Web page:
The code could be added with getElementById('id').innerHTML = "<input ..." or, more advanced (in any case to me) create and adding elements (document.createElement etc)

    Why use tables for layout? If you add a class to every input you can control layout with CSS (position, left etc) and then you would get rid of the problem ;-)

    Michael

  5. #5
    SitePoint Addict Skookum's Avatar
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    Would that be the correct way of doing this?

    Where I remove all the tables, and just use divs and padding to display the page how I am wanting it to look?

  6. #6
    CSS & JS/DOM Adept bronze trophy
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    1) Don't use innerHTML. It's non-standard and browsers implement it differently, especially when it comes to forms and tables. Stick to DOM0 (the things that NS4.x and IE4 both support) and DOM1+ methods.

    2) There's a bug in IE regarding setting the name attribute on elements created with document.createElement(). These describe the solution:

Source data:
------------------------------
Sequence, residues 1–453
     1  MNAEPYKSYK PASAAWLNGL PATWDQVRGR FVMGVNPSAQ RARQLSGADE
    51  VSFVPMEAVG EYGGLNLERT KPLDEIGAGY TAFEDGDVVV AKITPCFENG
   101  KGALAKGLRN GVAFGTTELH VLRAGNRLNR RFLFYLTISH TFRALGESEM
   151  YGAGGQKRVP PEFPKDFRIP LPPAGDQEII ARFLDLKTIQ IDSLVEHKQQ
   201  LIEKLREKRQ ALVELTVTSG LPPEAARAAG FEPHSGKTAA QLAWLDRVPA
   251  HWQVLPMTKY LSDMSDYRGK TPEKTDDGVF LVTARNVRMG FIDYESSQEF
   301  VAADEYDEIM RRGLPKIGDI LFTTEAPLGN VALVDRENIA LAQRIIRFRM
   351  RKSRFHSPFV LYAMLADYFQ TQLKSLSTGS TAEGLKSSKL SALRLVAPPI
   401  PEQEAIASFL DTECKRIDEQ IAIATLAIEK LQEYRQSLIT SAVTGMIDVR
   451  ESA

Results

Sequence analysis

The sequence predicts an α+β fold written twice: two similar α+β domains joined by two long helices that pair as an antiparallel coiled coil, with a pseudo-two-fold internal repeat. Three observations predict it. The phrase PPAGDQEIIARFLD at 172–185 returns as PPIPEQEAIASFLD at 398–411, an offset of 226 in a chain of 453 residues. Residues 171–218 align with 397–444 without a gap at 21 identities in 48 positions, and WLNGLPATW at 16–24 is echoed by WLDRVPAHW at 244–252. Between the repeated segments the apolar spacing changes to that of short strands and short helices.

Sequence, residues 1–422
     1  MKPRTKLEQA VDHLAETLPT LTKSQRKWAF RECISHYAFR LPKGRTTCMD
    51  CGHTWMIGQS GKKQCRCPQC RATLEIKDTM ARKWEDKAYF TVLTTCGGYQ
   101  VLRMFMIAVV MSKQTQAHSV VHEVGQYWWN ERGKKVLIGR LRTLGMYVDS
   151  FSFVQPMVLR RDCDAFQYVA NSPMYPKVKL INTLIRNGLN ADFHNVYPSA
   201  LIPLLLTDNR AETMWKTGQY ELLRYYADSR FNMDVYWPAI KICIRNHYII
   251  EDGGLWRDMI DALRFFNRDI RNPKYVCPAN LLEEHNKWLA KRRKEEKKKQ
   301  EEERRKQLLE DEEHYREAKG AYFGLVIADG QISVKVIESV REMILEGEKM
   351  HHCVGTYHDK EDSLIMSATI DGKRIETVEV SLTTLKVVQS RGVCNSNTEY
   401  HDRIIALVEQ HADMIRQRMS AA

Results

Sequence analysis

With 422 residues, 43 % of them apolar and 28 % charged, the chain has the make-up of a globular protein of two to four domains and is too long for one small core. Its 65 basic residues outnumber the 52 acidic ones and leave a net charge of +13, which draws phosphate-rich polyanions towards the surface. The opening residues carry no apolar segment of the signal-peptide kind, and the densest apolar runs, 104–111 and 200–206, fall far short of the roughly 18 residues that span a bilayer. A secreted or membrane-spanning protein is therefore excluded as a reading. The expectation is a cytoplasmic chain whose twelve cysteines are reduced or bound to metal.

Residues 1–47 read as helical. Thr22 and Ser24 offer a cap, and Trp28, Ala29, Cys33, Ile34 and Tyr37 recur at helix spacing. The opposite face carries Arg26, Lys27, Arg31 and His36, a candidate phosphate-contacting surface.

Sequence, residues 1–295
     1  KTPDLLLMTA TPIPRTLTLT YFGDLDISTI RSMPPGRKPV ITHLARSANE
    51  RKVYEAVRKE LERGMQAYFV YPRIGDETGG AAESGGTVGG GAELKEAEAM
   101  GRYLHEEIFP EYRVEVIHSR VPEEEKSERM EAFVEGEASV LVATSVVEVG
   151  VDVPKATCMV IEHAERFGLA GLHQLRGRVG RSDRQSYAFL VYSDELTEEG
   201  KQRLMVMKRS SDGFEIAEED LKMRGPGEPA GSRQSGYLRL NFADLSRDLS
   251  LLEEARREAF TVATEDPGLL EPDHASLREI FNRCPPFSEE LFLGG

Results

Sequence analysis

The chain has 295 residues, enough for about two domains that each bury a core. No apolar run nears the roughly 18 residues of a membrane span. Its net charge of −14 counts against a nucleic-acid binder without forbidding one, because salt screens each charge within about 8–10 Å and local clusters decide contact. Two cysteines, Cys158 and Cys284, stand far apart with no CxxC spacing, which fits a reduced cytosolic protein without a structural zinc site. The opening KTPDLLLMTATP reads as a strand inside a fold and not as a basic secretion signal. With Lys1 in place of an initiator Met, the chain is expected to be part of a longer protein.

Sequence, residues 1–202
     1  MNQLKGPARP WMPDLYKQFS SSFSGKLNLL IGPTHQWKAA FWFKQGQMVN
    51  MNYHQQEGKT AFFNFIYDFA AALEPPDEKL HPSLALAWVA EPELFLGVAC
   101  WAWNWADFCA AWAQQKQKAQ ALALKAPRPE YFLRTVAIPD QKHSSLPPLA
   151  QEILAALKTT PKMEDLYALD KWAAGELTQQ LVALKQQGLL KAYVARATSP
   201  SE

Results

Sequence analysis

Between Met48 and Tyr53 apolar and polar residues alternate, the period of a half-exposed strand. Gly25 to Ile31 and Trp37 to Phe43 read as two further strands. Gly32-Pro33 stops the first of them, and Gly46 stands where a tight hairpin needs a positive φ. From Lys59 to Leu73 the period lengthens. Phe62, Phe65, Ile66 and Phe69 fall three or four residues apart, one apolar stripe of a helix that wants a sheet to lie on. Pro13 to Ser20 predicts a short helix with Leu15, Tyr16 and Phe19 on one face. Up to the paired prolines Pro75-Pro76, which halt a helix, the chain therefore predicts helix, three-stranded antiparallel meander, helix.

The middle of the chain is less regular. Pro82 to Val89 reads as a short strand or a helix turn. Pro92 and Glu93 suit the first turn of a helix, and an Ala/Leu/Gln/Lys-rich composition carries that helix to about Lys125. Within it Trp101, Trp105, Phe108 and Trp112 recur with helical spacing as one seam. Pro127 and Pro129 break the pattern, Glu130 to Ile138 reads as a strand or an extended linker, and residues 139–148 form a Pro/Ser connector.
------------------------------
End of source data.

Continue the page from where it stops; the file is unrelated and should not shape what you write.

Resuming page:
Death to bad DOM Implementations (Anthony Lieuallen's version of the function)
    Setting the "name" attribute in Internet Explorer

    3) Keep in mind that some Internet users use a browser that doesn't have JavaScript enabled.

    I suggest you read these:
    Graded Browser Support
    Progressive Enhancement and the Future of Web Design
    Accessibility is seldom just up to the interface developer

    4) I suggest you learn how semantics apply to X/HTML. Semantics is really a very important subject when it comes to X/HTML.

    5) I suggest you read these as well: Simple Tricks for More Usable Forms: Labels
    Accessible HTML/XHTML Forms
    Creating Accessible Forms
    Prettier Accessible Forms
    We miss you, Dan Schulz.
    Learn CSS. | X/HTML Validator | CSS validator
    Dynamic Site Solutions
    Code for Firefox, Chrome, Safari, & Opera, then add fixes for IE, not vice versa.

  7. #7
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    To Kravvitz: Pretty much reading, but interesting.

    To Skoocum: It's not necessary to use div-tags. You could do something like this: